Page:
Gluten Intolerance: Sensitivity or Celiac Disease?
Evidence suggests more people likely to have gluten sensitivity than allergy.
Feb. 20, 2012— -- Store aisles, markets, bakeries, blogs and books are stocked with food ideas for going gluten-free. The gluten-free diet has become popular for combating a full-blown gluten rejection known as celiac disease, or more popularly for those with no intolerance at all as a means to lose weight and enhance athletic performance.
But researchers say there's a middle ground emerging. A growing number of people now have a type of gluten intolerance called nonceliac gluten sensitivity, which isn't quite as serious as celiac disease but not to be taken lightly either. Mounting evidence now suggests the number of people who have nonceliac gluten sensitivity may outnumber those who have full-blown celiac disease.
Celiac disease is a genetic condition that damages the lining of the small intestine and prevents it from absorbing nutrients from food. The damage is attributed to an autoimmune reaction to eating gluten, a protein found in wheat, barley, rye and possibly oats.
People with celiac disease are diagnosed through specific blood and bowel tests. Those with the disease have a higher risk for anemia, osteoporosis, severe intestinal damage and gastrointestinal cancers.
Unlike celiac disease, gluten sensitivity walks a blurry diagnostic line. There's no definitive way to diagnose the condition like a blood test. The condition is also not associated with as serious side effects and doesn't have the same genetic markers as celiac disease.
"It's been very tough to qualify and classify given that we did not have a clear definition of what it's all about," said Dr. Alessio Fasano, director of the Center for Celiac Research at the University of Maryland School of Medicine. In February, Fasano and more than a dozen international immunology experts published a consensus report identifying gluten sensitivity as one in a group of gluten spectrum disorders that include wheat allergy and celiac disease.
Sixty million gluten-free products are consumed in the U.S. each day, Fasano said. But the question remains as to how many of these products are consumed out of necessity.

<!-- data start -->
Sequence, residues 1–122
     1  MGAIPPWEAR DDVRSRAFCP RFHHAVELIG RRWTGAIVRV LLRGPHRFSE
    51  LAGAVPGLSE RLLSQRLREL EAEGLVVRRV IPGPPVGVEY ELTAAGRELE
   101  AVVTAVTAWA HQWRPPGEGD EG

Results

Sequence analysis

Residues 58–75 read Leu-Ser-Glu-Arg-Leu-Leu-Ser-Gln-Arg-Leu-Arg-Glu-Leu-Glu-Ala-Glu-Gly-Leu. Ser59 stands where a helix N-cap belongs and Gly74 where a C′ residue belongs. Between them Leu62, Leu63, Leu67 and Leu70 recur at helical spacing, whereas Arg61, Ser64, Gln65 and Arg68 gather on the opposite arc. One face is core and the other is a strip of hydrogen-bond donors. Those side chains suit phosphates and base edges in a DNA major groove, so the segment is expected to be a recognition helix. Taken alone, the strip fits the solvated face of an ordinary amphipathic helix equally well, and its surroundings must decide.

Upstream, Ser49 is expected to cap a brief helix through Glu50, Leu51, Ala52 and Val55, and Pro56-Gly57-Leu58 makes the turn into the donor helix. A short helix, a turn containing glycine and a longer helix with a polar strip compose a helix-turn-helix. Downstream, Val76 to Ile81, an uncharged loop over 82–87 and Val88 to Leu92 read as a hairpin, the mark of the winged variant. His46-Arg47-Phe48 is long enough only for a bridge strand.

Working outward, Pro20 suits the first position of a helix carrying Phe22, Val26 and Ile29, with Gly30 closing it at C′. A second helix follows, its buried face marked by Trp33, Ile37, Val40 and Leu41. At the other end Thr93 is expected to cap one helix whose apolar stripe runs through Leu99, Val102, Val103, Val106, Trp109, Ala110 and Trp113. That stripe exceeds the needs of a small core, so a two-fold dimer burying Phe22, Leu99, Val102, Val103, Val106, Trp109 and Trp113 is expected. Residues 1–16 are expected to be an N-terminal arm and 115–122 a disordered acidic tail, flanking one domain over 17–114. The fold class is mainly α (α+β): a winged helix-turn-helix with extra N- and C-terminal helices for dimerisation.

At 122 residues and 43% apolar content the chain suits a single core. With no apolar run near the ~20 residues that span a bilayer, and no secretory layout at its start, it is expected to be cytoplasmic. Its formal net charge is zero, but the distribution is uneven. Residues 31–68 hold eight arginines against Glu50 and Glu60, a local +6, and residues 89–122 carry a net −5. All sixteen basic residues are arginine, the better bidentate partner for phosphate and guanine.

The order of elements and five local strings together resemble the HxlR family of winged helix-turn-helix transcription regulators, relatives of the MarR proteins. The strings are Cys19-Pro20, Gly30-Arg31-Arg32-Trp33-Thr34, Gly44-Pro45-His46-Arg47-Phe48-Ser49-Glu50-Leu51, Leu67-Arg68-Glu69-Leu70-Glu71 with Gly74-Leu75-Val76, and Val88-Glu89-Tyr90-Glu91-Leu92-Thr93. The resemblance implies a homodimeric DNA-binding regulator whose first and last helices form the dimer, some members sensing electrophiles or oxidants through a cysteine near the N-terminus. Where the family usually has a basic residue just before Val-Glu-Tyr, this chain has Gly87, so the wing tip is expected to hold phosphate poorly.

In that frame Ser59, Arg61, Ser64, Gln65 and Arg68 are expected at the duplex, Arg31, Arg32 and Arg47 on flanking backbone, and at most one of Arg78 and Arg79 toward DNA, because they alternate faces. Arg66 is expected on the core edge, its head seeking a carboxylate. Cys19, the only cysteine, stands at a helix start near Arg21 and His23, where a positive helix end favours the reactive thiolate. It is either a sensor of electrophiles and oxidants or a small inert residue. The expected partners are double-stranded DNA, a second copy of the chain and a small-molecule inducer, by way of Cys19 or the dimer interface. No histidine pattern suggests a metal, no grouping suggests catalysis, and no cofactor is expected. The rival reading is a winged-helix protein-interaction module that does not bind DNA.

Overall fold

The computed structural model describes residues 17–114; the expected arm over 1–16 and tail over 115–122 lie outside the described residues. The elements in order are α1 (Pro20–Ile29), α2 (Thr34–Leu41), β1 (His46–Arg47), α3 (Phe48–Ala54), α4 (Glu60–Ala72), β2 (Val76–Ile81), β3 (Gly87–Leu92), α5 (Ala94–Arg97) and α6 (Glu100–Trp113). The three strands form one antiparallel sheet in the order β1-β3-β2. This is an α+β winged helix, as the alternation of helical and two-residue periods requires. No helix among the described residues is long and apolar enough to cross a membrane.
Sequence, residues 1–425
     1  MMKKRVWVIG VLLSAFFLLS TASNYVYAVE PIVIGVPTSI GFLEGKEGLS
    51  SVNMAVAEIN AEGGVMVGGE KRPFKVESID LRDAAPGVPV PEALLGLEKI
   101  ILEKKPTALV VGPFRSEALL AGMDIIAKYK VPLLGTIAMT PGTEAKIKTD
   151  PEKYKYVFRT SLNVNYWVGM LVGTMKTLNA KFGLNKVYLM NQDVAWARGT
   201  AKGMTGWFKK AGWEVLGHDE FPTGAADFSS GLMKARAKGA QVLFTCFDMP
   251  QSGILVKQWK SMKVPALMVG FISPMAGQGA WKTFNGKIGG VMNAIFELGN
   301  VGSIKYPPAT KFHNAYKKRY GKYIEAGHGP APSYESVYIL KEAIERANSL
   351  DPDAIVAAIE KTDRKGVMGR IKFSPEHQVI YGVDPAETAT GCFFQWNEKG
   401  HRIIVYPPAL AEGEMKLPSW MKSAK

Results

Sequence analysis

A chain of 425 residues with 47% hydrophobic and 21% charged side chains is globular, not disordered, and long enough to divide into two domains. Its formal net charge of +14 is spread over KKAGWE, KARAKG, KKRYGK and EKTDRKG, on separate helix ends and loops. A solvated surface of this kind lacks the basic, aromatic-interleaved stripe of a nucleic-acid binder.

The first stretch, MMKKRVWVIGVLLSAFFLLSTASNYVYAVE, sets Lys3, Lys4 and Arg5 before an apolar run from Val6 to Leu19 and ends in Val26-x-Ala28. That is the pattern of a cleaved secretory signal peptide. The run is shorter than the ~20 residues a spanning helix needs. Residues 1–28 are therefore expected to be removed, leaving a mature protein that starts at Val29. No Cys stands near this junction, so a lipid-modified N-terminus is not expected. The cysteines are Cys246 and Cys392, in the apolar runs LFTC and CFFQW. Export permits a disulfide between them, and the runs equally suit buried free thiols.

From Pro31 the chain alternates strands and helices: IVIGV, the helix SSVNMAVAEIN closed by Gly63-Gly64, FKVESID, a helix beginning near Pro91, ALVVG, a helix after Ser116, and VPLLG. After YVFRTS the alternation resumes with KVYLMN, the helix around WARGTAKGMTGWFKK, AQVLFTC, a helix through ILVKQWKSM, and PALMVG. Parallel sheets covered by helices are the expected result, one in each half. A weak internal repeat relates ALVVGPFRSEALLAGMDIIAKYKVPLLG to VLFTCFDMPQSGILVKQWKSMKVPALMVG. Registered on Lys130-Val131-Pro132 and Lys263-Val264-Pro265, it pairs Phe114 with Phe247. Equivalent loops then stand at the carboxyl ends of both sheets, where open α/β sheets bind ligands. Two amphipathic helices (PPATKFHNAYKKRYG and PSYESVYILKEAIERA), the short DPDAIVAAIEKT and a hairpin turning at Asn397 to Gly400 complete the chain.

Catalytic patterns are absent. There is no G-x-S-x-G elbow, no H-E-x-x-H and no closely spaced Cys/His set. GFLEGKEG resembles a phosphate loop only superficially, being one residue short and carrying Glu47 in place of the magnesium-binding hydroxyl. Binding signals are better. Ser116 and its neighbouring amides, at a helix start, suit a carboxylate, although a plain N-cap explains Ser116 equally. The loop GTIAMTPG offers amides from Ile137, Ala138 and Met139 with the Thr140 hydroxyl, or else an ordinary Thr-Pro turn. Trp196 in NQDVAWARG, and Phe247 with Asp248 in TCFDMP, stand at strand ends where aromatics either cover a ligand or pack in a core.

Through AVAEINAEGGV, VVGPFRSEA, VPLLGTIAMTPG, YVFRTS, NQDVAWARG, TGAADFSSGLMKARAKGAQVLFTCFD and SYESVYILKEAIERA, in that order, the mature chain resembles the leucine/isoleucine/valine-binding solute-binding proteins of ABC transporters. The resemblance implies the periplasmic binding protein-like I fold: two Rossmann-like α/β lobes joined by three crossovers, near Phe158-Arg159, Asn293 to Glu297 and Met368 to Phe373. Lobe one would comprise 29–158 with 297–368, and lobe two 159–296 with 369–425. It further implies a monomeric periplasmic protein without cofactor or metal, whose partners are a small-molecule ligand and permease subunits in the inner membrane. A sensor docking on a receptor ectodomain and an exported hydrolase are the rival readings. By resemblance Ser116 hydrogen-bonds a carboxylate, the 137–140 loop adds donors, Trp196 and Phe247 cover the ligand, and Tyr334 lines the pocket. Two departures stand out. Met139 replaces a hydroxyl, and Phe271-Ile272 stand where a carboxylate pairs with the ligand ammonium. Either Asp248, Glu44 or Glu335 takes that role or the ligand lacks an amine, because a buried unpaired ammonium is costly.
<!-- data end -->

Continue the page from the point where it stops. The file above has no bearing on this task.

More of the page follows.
What looks like an increase in the number of people reporting gluten sensitivity may stem from an incorrect diagnosis, according to Italian researchers who published a commentary Monday in the Annals of Internal Medicine
Since there are no standard diagnosing criteria for gluten sensitivity, few patients have been properly diagnosed, the researchers wrote.
"We don't have agreement about what gluten sensitivity is all about," said Fasano, who did not write the commentary.
Common symptoms of gluten sensitivity include abdominal pain similar to irritable bowel syndrome, fatigue, headaches and a "foggy mind." But these symptoms generally improve or disappear after removing gluten from the diet.
"There's people who will claim they have it but when we're looking for sensitivity, we're looking for cause and effect," said Fasano, adding that for many, it's hard to prove that consuming gluten is the actual cause of these symptoms. Researchers estimate that 5 percent to 6 percent of those who claim they have gluten sensitivity actually have it.
One of the best ways physicians can try to diagnose the condition is to perform individual gluten challenge tests -- much like food allergy scratch tests -- rather than relying on self-reported symptoms, the researchers wrote.
But the holy grail to decoding nonceliac gluten sensitivity, one that Fasano and other researchers are on the hunt for, is finding a biomarker to detect the condition.
Then, a simple test can give experts the answers, "so we can do what I believe to be modern medicine," said Fasano.